I am deeply thankful for these blooms; and find new reasons daily to recommend the path.

Image credit: Creative Commons photo by Nieve44/Luz.

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5 thoughts on “Comfort Food: on Crisis, Resilience, and Unexpected Benefits of Conscious Eating”

  1. Life is, after all, a web. Whatever touches one strand of the web reverberates throughout the whole. Practices, habits, and values developed in one area of life has implications for all of life… To take just one glaring example: Our sensitivity to animals (including those who are “processed” for human consaumption) becomes a kind of dress rehearsal for the we we treat other human beings. We are all indebted to EDB and to Ms. Sitton for this amazingly profound, empathic, humane essay, which calls attention to a complex web of issues and questions that every citizen of the world needs to consider.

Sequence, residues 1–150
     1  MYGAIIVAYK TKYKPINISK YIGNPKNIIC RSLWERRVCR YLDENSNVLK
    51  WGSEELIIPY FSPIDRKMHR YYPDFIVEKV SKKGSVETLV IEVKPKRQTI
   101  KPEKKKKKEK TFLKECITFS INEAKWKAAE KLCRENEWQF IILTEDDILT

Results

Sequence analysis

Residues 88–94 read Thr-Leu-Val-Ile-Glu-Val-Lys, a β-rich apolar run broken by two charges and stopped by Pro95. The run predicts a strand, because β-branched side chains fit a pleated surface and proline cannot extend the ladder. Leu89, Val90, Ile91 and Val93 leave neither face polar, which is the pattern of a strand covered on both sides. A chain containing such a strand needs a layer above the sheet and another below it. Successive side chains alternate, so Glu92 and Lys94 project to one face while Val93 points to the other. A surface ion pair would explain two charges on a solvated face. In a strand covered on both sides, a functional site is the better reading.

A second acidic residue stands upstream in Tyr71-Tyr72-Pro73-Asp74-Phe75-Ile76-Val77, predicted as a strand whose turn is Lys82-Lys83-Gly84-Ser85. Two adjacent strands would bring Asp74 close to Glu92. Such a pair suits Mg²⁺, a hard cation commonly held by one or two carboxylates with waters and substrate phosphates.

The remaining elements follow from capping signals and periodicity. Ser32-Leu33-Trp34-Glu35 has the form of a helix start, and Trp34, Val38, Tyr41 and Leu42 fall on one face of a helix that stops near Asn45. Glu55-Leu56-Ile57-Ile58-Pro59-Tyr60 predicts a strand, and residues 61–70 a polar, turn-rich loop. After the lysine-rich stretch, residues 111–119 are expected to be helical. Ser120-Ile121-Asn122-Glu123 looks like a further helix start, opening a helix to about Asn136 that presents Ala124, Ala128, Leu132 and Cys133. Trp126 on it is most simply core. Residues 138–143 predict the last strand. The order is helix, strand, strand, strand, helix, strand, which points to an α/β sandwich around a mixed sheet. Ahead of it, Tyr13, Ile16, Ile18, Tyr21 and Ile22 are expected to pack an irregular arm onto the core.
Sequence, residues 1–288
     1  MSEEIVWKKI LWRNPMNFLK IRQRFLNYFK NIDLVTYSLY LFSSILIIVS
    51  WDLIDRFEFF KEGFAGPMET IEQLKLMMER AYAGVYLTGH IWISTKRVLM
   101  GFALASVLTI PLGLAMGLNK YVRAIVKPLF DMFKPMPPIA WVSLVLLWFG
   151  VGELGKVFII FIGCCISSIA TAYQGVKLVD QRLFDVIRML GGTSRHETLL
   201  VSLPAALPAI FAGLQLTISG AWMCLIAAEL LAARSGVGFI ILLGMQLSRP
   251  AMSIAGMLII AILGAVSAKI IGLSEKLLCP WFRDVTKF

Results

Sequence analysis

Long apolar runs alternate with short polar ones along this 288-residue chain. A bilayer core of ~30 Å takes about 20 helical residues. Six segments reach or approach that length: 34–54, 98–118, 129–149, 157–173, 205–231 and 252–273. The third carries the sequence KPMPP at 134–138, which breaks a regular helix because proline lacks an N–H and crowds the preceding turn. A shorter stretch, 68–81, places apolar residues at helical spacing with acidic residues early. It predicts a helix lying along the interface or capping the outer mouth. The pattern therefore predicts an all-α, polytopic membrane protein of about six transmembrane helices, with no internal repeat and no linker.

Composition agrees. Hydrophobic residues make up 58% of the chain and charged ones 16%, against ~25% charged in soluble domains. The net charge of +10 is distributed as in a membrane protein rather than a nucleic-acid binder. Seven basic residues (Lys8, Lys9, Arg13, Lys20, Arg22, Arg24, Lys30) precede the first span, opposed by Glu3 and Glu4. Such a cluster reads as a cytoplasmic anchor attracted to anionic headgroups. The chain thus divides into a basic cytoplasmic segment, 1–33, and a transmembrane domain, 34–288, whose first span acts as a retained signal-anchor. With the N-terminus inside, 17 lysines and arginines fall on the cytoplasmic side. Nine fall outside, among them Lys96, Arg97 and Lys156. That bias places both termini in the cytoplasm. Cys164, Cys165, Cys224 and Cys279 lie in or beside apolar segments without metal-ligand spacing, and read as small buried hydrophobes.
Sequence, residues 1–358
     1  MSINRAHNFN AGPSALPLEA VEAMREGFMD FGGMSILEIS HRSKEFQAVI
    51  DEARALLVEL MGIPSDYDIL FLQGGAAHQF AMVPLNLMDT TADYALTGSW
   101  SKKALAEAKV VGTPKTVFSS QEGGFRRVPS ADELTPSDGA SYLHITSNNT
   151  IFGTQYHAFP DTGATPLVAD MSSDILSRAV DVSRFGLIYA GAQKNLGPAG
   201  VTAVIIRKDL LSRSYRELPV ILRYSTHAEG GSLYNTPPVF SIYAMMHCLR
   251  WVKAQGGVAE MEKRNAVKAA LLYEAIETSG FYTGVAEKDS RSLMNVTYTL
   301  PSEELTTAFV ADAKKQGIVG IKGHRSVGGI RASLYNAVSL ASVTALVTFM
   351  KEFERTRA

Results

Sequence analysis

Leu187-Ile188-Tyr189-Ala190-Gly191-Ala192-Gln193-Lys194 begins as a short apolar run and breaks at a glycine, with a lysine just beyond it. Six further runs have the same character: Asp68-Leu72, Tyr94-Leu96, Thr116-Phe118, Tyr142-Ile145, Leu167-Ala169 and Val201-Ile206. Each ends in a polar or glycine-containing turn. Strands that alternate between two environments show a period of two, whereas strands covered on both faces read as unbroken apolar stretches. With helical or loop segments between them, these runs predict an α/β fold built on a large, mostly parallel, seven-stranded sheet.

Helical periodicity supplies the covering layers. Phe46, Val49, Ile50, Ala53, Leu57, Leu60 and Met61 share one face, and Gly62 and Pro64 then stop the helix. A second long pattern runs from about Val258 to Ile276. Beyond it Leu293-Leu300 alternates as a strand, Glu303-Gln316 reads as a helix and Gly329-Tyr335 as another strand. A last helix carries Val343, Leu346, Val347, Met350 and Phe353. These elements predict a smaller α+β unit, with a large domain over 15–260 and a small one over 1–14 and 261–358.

2. this is a very beautifully written article that is even more beautiful in its substance. coordinating our words, our thoughts, and our actions is often an extremely difficult task in today’s world, but this article rightly highlights the tremendous benefit of working to achieve that coordination even so. thanks, tanya, for the potential enlightenment for those who struggle to see the big picture and for the encouragement to those who struggle under the weight of seeing. there is never a shortage of good work that needs doing, but every step we take in the right direction is a victory. thanks, too, for the good work you do here on this site, and even more so for the good work you do via the choices you make every day. it’s a challenge we all face, and this article makes the imperative of meeting that challenge clear. well done!